Tool lets hackers launch a denial-of-service attack from a single PC over a DSL connection.
SSL is in the hot seat again: A new, free tool is now circulating that can take down an HTTPS Web server in a denial-of-service attack using a single laptop via a DSL connection.
Researchers with a hacker group called The Hackers Choice (THC) Tuesday released the so-called THC-SSL-DOS tool that abuses the SSL renegotiation feature, which basically re-performs the encryption handshake.
The tool lets an attacker use a single connection to relentlessly perform the renegotiation with the SSL server, eventually overwhelming it. "It's a constant renegotiation. Instead of forming new connections over and over again ... it increases the overhead of the server," said Tyler Reguly, manager of security research and development with nCircle.
It all comes down to an SSL feature--SSL renegotiation--that isn't typically needed for Web servers. "Unless you wanted to change the encryption level, it's not a necessity. Some SSL VPNs make extensive use of it, but it's not needed in the Web browsing world," Reguly said.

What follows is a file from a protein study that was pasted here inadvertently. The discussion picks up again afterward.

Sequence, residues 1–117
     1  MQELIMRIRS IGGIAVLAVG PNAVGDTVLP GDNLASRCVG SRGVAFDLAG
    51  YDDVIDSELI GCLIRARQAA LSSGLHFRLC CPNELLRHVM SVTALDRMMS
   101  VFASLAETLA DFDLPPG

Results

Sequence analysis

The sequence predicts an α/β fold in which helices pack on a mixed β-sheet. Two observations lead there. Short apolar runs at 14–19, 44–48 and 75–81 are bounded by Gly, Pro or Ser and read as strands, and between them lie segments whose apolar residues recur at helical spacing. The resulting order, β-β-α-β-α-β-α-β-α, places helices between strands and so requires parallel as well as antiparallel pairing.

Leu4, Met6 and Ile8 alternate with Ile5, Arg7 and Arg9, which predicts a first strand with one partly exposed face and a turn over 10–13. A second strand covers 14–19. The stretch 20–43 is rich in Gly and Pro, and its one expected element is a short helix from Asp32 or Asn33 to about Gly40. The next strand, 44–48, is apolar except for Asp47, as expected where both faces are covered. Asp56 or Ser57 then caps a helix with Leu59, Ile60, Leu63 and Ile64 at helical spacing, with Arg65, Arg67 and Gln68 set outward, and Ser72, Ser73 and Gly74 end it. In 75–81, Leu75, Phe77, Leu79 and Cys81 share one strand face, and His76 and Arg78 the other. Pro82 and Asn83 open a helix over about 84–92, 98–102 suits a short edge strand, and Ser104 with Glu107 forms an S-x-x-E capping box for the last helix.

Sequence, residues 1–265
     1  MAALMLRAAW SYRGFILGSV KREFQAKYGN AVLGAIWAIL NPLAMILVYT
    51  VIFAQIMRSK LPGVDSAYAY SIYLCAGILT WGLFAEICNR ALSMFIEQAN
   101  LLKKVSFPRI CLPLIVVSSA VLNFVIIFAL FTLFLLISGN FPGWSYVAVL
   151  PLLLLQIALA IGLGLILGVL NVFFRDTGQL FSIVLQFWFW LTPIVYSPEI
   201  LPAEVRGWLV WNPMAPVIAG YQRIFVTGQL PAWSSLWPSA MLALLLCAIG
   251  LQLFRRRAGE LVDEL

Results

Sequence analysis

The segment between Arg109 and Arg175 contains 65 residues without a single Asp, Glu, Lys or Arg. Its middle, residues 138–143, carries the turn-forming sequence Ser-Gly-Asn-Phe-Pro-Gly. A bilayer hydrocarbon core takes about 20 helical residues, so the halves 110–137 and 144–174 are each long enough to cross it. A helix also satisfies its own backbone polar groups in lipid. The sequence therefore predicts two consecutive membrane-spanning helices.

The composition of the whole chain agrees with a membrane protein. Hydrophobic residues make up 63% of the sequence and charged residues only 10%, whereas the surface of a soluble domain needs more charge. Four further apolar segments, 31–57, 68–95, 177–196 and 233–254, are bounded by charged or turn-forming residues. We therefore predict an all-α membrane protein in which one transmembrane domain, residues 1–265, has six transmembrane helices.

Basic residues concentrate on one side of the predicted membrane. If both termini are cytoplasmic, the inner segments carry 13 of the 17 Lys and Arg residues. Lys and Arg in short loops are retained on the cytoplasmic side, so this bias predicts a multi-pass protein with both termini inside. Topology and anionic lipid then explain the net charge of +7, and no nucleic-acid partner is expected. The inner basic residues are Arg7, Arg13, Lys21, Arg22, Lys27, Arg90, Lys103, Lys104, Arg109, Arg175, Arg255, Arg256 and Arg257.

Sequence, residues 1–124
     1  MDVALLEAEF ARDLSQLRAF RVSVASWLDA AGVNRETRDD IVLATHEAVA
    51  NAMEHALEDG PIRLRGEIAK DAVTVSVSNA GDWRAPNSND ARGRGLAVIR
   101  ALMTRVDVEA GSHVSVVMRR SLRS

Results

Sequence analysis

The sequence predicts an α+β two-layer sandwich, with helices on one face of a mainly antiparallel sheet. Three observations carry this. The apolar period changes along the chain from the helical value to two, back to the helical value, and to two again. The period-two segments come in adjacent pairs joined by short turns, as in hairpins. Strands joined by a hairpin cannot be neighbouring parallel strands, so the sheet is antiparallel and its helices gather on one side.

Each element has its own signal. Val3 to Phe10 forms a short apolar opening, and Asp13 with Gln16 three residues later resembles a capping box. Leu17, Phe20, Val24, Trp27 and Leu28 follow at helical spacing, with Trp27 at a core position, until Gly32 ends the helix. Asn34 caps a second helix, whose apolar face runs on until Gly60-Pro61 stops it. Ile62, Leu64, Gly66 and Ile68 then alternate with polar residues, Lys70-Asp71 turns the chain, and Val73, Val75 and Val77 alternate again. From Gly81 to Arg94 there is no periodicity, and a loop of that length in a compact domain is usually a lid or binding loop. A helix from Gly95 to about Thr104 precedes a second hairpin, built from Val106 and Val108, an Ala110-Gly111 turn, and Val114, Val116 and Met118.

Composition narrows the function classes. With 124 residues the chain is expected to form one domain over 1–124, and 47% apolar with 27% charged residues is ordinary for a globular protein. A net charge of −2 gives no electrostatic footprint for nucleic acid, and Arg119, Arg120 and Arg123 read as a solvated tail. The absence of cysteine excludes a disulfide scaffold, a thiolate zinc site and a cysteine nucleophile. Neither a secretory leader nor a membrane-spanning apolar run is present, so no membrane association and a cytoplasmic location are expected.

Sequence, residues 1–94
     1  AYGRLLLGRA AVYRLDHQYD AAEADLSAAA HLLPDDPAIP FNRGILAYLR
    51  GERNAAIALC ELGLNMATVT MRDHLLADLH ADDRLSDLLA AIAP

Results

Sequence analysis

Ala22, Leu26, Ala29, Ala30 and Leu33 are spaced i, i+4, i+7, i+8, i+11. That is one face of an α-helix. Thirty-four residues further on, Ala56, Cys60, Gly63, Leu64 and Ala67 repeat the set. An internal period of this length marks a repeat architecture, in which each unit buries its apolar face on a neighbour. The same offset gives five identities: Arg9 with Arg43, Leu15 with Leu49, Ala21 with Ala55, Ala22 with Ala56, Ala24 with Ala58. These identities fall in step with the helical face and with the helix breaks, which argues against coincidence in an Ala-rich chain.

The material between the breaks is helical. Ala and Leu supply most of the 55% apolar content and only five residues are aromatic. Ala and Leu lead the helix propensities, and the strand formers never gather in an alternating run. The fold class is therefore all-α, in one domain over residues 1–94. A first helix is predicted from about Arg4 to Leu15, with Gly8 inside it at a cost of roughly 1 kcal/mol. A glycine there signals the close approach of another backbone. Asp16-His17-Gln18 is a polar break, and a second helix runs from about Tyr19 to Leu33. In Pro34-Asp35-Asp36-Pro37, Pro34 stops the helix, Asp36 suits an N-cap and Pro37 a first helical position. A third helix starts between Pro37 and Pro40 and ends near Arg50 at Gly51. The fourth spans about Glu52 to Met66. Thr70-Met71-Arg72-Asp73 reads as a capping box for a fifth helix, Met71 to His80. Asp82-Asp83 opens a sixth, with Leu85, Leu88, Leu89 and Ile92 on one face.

The hackers who wrote the tool recommend disabling SSL renegotiation. But even that won't completely prevent such a denial-of-service attack. "It still works if SSL renegotiation is not supported but requires some modifications and more bots before an effect can be seen," the THC hackers said in a statement.
For the tool to take down server farms with SSL load balancing, it requires using about 20 "average size" laptops and 120 Kbps of traffic, they said.
The new tool is reminiscent of the Slowloris attack tool that keeps connections open by sending partial HTTP requests and sends headers at regular intervals to prevent the sockets from closing, and OWASP's Slow HTTP Post tool. There's also the open-source slowhttptest tool that checks a server's vulnerability to a Slowloris-type attack.
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The cybersecurity profession struggles to retain women (figures range from 10 to 20 percent). It's particularly worrisome for an industry with a rapidly growing number of vacant positions.
So why does the shortage of women continue to be worse in security than in other IT sectors? How can men in infosec be better allies for women; and how can women be better allies for one another? What is the industry doing to fix the problem -- what's working, and what isn't?
Is this really a problem at all? Are the low numbers simply an indication that women do not want to be in cybersecurity, and is it possible that more women will never want to be in cybersecurity? How many women would we need to see in the industry to declare success?
Join Dark Reading senior editor Sara Peters and guests Angela Knox of Cloudmark, Barrett Sellers of Arbor Networks, Regina Wallace-Jones of Facebook, Steve Christey Coley of MITRE, and Chris Roosenraad of M3AAWG on Wednesday, July 13 at 1 p.m. Eastern Time to discuss all this and more.